Gov. John Bel Edwards vetoed a tax break for the oil and gas industry that would have cost the state over $38 million over the next five years. The Louisiana legislature approved the bill, but Edwards said he doubted whether it would actually produce the jobs promised by oil lobbyists.
“During a legislative session wrought with limited access for the public to meaningfully comment on bills, proponents of this new exemption averred that the exemption would increase oil production and create jobs. Yet no legitimate evidence or testimony supports this assertion, other than the testimony of those with a vested interest through enactment of a new exemption,” Edwards wrote in his letter explaining the veto.
Unlike other industry tax exemptions, this bill did not have a requirement that the companies benefiting from the exemption employ Louisiana residents. In addition, lobbyists backing the bill never produced any evidence proving that the exemption would increase production and create new jobs.
Edwards also expressed his frustration with the fact that the legislature passed the bill during a special session that was supposed to have been dedicated to the COVID-19 pandemic and hurricane recovery.
“There will be a fiscal session of the Legislature in the Spring of 2021, where this plan and other tax measures can be fully debated and considered,” Edwards said.
The veto comes days after Edwards announced a new renewable energy initiative that will harness the state’s offshore energy production experience for the development of wind power in the Gulf of Mexico. Offshore wind energy is one of many strategies pursued by the Climate Initiatives Task Force Edwards created earlier this year.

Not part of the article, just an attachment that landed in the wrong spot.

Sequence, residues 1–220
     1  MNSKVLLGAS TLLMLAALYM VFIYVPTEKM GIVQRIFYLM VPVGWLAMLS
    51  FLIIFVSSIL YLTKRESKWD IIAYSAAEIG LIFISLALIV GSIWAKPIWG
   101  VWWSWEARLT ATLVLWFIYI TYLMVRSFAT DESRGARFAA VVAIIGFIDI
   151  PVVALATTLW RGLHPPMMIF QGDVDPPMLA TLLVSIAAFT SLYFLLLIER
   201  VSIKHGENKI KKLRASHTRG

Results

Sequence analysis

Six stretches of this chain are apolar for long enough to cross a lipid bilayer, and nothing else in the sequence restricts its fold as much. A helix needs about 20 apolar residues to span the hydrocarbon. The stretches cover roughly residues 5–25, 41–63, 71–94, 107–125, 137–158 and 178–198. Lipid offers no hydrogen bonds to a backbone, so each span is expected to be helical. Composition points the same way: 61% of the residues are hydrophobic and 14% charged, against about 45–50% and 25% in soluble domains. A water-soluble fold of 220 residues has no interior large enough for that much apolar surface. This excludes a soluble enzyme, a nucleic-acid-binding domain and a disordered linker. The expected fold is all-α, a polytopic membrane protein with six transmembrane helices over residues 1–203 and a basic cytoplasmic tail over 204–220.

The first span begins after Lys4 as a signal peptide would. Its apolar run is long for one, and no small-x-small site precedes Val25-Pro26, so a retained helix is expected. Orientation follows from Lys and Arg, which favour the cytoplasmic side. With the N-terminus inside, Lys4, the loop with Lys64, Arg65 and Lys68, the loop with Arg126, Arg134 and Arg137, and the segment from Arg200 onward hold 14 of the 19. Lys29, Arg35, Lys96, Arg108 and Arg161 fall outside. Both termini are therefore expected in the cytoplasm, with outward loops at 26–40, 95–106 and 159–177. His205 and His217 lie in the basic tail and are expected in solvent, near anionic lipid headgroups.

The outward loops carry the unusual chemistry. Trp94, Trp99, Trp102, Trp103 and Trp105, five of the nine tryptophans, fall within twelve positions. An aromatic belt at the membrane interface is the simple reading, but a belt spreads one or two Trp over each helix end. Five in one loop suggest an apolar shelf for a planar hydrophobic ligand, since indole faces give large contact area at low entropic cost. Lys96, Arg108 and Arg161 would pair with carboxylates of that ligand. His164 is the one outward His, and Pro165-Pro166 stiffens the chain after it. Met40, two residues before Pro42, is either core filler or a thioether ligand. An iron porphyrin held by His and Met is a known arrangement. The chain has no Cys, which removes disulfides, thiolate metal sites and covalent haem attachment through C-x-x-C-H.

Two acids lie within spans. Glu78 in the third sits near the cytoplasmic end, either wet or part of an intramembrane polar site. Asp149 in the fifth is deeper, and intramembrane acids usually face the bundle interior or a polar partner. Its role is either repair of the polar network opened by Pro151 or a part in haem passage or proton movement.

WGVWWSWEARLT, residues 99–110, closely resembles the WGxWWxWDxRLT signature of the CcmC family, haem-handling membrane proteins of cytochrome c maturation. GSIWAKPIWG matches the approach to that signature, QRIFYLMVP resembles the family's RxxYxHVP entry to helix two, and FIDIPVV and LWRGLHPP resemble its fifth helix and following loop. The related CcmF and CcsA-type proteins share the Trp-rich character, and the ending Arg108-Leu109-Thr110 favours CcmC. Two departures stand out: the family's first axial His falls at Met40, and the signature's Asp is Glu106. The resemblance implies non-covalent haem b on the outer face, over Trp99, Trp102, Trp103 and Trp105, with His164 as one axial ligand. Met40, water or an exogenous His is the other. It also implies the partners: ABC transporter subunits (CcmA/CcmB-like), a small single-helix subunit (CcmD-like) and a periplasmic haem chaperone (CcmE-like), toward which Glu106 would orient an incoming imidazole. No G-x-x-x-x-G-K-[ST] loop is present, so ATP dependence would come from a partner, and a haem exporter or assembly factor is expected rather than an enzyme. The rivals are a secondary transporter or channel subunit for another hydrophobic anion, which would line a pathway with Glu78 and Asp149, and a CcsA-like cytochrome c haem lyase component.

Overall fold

“This is not some ‘pie in the sky’ promise of economic opportunity,” Edwards said. “We already have an emerging offshore wind energy industry, and Louisiana’s offshore oil and gas industry has played a key role in the early development of U.S. offshore wind energy in the Atlantic Ocean.”
According to the U.S. Department of Energy’s National Renewable Energy Laboratory, the construction of a single 600-megawatt wind farm in the Gulf would produce around 4,400 jobs and $445 million in economic output. Continuing operations would create 150 new permanent jobs and $14 million in annual spending.
“Renewable energy like offshore wind can help the state cut its emissions and do its part in avoiding the worst impacts of climate change,” said Deputy Director Harry Vorhoff of the Governor’s Office of Coastal Activities. “I applaud Governor Edwards for opening the door, so we can take a hard look at how and where renewable energy is deployed in the federal waters off Louisiana’s coast.”